4. Stir in the reserved broth and then the milk. Bring to a boil, stirring frequently. Reduce the heat to medium-low, and add the miso paste and greens. Simmer for 15 minutes, stirring occasionally. Add the parsley and cook for 1 minute. IMG_5015
  5. Turn off the heat and stir in the rice vinegar. Use an immersion blender to puree the soup until completely smooth. Add salt to taste (I did 10 grinds from a sea salt grinder), and serve sprinkled with parsley leaves.
Serves 6. Active time 35 minutes; total time 50 minutes. Adapted from

Spiced Pumpkin & Coconut Soup


The spice blend and a bit of light coconut milk make this soup Thai inspired. The flavor blend is interesting and strong enough that it’s not immediately clear that the soup is pumpkin based. That means you can serve it any season of the year, not just in pumpkin season!

Coconut milk is delicious, but it gives my heartburn a lot of grief. I use the light version, which has less than half the fat of regular, but I still had trouble with the original half-cup of coconut milk in this recipe. Downgrading to a quarter-cup solved the problem, but it does take away some of the richness. You’ll have to test it and see what works for you.

This soup is thick without being cream-based. It’s possible to puree it completely, but I like to leave some small chunks, particularly of the apples. If you prefer it to be completely smooth, I recommend peeling the apple and adding 10 extra minutes to the final simmering time. Then go nuts with your immersion blender.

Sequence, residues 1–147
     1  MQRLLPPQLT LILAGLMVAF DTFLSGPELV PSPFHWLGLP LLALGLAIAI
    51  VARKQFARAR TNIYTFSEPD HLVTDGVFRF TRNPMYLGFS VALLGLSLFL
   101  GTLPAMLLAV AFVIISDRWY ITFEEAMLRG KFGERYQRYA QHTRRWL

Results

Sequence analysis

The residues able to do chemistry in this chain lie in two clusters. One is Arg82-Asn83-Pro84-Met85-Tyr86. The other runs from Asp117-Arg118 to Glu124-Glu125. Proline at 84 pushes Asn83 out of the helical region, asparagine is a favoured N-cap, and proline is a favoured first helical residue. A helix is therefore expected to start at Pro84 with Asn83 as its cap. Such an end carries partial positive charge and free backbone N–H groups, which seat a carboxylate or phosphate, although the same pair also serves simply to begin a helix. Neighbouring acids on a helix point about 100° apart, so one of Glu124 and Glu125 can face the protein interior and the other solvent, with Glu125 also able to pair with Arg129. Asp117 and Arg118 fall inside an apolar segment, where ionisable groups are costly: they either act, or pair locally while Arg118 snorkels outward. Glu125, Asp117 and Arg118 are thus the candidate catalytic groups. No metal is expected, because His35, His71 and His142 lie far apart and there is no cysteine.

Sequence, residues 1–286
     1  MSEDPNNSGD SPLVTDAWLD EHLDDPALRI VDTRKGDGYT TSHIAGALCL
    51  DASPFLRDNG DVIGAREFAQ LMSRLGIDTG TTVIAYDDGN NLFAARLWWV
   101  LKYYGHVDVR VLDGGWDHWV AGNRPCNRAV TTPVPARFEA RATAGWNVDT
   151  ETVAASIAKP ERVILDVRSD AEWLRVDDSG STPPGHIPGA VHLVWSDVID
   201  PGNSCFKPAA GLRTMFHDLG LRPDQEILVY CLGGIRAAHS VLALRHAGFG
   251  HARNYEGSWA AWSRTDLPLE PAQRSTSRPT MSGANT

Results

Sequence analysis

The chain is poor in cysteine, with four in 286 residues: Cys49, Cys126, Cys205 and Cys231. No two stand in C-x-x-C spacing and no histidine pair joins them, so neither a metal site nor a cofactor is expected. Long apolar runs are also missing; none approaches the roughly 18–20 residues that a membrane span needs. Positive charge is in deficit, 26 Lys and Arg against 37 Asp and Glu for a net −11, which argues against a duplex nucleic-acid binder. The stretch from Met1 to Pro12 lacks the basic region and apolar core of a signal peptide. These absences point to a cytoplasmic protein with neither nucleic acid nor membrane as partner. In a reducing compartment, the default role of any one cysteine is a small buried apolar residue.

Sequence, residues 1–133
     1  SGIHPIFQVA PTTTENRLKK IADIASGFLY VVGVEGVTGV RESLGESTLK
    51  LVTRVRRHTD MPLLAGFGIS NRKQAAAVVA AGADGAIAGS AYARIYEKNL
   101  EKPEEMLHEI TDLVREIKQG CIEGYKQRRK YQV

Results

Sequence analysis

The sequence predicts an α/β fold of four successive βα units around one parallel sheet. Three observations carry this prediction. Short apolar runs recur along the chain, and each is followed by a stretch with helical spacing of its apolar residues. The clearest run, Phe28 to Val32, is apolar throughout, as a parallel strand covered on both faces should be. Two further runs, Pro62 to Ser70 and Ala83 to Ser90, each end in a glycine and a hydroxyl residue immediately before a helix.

• 2 carrots, thinly sliced
  • 1 Gala apple, diced small
  • 1 tsp olive oil
  • 2 stalks celery, diced small
  • 1 tsp ground coriander
  • 1 tsp ground cumin
  • 1 tsp onion powder
  • 1/2 tsp dried thyme
  • 1/2 tsp freshly grated ginger
  • 1 tsp brown sugar
  • 2 cups low-sodium vegetable or chicken broth
  • 1 15-oz can plain pumpkin
  • 1/4 to 1/2 cup light coconut milk
  • salt
  • parsley and sliced almonds for garnish



  1. Preheat the oven to 425 degrees, and line a large baking sheet with foil and cooking spray. Add carrots and apples, spray surfaces with cooking spray, and roast for 30 minutes.
  2. Heat olive oil in a large pan over medium, and saute celery for 5 minutes. Add spices, sugar, broth, and pumpkin and stir until smooth.
  3. Stir in the roasted carrots and apples, and bring the mixture to a boil. Drop the heat to low and simmer for 10 minutes. Remove from heat and stir in coconut milk.
  4. Using an immersion blender, carefully blend to your desired consistency. Add salt to taste. Serve with parsley and sliced almonds as garnish.


Serves 4. Adapted from